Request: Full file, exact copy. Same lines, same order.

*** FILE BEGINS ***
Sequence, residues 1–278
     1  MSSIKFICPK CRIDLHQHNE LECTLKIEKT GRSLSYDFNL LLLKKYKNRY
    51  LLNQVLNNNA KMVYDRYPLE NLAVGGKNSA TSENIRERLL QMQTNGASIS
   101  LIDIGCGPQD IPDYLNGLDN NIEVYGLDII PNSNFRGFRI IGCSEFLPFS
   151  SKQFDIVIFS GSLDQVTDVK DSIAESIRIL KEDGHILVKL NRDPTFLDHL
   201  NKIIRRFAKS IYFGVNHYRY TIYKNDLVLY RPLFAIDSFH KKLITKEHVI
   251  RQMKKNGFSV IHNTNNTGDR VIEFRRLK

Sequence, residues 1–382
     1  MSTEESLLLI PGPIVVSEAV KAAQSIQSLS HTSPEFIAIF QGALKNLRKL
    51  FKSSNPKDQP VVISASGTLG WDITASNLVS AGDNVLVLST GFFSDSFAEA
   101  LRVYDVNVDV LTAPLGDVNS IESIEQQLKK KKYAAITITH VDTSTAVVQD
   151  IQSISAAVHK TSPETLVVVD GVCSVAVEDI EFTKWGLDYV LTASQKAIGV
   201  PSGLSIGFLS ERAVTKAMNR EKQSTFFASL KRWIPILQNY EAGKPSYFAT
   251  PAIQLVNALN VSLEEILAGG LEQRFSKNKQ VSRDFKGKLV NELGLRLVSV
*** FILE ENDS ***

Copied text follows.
Sequence, residues 1–278
     1  MSSIKFICPK CRIDLHQHNE LECTLKIEKT GRSLSYDFNL LLLKKYKNRY
    51  LLNQVLNNNA KMVYDRYPLE NLAVGGKNSA TSENIRERLL QMQTNGASIS
   101  LIDIGCGPQD IPDYLNGLDN NIEVYGLDII PNSNFRGFRI IGCSEFLPFS
   151  SKQFDIVIFS GSLDQVTDVK DSIAESIRIL KEDGHILVKL NRDPTFLDHL
   201  NKIIRRFAKS IYFGVNHYRY TIYKNDLVLY RPLFAIDSFH KKLITKEHVI
   251  RQMKKNGFSV IHNTNNTGDR VIEFRRLK

Sequence, residues 1–382
     1  MSTEESLLLI PGPIVVSEAV KAAQSIQSLS HTSPEFIAIF QGALKNLRKL
    51  FKSSNPKDQP VVISASGTLG WDITASNLVS AGDNVLVLST GFFSDSFAEA
   101  LRVYDVNVDV LTAPLGDVNS IESIEQQLKK KKYAAITITH VDTSTAVVQD
   151  IQSISAAVHK TSPETLVVVD GVCSVAVEDI EFTKWGLDYV LTASQKAIGV
   201  PSGLSIGFLS ERAVTKAMNR EKQSTFFASL KRWIPILQNY EAGKPSYFAT
   251  PAIQLVNALN VSLEEILAGG LEQRFSKNKQ VSRDFKGKLV NELGLRLVSV